“The rules implemented after 2008 have made banks safer individually, but one-size-fits-all regulation could have unintended consequences beyond the banking sector,” he says.
“The fact that banks have cut their trading activities means liquidity in the financial system has been reduced significantly. At present, there has not been a real test of liquidity.”
The significant growth of exchange-traded funds (ETFs) investing in less liquid credit assets is a potentially weak spot in the system, according to Kocken. That is an area where the promise of liquidity does not necessarily match the actual liquidity of the underlying assets.
Another market that investors, particularly pension funds, should watch carefully is derivatives. The recent changes in regulation around central clearing mean that the clearing of derivatives is done exclusively through central clearing counterparties (CCPs). There are 13 CCPs authorised in Europe and Kocken points out that such a limited number of market participants, given that there are no more than three to four real big players, could give rise to unintended systemic risk.
“I am not saying all these developments are necessarily dangerous. For instance, banks are well capitalised on an individual level. I am saying these new developments are untested and it appears as if connectivity has increased in the financial world. We have quite a different system compared to the 2007 crisis, but the same level of overvaluation of assets. This is why investors need to focus on scenario analysis,” says Kocken.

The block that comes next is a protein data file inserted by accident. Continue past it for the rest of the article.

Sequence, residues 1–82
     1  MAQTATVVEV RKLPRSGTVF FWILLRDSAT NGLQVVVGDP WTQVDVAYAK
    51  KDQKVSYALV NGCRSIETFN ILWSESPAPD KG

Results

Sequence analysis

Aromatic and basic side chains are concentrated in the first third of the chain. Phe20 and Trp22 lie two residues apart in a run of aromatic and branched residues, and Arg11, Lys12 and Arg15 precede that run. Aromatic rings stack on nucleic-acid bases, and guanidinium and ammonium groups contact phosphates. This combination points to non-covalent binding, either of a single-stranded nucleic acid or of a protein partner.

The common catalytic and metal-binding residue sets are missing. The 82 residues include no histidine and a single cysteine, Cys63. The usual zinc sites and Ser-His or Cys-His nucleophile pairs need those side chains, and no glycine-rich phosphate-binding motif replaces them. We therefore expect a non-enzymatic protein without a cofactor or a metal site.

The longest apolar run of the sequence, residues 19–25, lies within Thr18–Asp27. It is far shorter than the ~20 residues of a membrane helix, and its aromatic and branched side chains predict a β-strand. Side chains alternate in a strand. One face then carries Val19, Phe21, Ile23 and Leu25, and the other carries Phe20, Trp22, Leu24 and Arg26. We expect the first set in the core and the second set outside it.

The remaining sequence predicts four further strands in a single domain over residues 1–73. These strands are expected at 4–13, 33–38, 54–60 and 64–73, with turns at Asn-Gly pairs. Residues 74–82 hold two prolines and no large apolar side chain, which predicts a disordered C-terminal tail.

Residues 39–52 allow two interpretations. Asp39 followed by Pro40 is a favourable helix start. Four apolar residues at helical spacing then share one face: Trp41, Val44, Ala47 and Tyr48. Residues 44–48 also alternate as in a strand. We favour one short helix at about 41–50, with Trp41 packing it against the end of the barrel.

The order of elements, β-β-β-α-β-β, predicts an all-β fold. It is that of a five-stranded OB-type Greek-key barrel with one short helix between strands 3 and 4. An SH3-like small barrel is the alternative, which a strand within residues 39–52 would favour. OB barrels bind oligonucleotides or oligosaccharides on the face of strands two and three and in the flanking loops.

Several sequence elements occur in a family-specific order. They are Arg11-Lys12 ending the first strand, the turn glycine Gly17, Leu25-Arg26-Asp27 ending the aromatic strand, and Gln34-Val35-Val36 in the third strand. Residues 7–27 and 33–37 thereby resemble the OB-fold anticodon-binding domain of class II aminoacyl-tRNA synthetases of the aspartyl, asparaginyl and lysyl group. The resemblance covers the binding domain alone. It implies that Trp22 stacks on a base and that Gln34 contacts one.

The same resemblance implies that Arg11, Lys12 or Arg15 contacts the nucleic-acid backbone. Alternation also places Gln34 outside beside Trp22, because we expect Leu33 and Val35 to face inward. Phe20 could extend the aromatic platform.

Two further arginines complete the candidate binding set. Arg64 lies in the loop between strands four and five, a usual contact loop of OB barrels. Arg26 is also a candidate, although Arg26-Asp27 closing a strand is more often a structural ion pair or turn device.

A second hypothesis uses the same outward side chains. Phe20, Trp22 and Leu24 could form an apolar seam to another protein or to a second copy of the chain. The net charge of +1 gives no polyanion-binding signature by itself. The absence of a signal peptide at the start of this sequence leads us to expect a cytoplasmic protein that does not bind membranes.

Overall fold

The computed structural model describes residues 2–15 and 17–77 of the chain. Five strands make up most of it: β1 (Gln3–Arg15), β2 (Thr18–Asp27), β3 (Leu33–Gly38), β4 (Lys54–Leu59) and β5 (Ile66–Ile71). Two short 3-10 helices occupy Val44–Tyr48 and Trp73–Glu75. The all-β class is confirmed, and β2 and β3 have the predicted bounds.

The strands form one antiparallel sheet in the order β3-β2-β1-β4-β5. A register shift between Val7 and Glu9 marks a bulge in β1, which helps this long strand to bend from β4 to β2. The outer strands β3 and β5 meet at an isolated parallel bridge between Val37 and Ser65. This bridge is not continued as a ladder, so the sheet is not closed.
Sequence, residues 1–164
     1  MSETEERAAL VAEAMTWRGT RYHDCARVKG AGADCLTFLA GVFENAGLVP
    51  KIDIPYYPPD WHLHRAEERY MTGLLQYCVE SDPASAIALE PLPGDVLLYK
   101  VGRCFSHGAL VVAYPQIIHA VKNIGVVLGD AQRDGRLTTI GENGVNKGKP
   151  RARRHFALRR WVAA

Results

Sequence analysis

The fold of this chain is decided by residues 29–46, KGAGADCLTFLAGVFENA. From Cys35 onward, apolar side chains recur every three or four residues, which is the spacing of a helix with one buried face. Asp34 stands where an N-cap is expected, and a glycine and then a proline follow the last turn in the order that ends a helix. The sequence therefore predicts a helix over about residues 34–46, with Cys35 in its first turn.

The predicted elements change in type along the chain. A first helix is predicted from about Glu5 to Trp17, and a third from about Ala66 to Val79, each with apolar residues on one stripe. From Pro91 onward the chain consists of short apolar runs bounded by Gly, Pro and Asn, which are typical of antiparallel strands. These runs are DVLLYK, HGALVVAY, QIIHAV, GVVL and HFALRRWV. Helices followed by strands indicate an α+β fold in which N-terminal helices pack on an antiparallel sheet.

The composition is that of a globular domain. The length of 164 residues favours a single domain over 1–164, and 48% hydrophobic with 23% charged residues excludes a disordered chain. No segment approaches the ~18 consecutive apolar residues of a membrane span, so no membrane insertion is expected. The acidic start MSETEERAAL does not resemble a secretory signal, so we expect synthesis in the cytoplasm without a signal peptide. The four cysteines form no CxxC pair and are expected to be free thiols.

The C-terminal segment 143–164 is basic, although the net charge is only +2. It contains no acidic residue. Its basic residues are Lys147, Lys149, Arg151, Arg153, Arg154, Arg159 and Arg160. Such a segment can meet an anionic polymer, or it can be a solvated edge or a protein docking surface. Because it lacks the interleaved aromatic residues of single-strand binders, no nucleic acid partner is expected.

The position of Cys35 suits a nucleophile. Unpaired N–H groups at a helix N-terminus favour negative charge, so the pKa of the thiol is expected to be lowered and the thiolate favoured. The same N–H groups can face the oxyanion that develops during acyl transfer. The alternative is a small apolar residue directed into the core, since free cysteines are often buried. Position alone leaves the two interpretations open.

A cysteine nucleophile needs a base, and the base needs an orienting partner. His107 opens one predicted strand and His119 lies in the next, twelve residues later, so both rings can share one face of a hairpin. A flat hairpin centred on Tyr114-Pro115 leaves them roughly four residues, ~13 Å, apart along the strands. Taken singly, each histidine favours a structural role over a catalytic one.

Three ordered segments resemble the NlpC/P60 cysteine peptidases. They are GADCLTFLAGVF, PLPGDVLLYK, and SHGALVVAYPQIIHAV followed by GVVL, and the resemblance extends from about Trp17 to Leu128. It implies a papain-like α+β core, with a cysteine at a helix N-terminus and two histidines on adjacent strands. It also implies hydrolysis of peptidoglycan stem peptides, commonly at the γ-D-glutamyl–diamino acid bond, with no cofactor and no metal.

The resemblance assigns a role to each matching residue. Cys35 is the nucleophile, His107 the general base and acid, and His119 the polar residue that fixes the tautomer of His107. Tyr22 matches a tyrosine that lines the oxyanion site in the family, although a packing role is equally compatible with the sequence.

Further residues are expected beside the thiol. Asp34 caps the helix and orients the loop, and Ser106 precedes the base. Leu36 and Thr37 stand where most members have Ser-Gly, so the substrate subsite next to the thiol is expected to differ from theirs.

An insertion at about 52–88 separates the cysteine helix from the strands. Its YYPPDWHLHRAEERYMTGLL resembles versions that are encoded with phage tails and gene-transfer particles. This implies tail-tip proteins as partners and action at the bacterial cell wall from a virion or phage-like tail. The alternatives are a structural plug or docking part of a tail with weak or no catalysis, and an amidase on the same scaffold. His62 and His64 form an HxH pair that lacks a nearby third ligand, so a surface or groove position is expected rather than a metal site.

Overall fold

His approach might seem pessimistic, but it is rooted in his risk management-based view. In fact, Kocken says that through group processes at institutional level, one can become aware of behavioural biases and, to some extent, correct them and de-bias the investment process.
“Furthermore, our advice has always been to build convexity in portfolios. To protect portfolios from downside risk, often investors need to give up part of the upside. In equity portfolios, that might mean buying options,” says Kocken.
“When taking risks in portfolios, we advocate a Nassim Taleb approach, which means taking into account tail risks.”
Kocken refers to the ‘black swan’ concept popularised by statistician Nassim Nicholas Taleb, which identifies unexpected events that can have a huge impact on portfolios. COVID-19 may well be seen as an example of a black swan event to some, although Taleb himself does not consider it as such, according to Kocken, whose bigger concern is about a sudden, unexpected and total collapse of the financial system.
The other key risk to take into account is liquidity. Kocken says: “We encourage clients to think about where they might get access to liquidity if needed. In today’s world, there is a trade-off between liquidity risk and credit risk, whereby investing in supposedly risk-free assets from a credit-risk standpoint, such as sovereign bonds, potentially brings unknown liquidity risks.
“Investors might want to build diversified portfolios not just in terms of credit risk but also liquidity. The point is to build a defence against the risks that can hurt the most, however small. Rather than hoping for the best, it is important to also prepare for the worst.”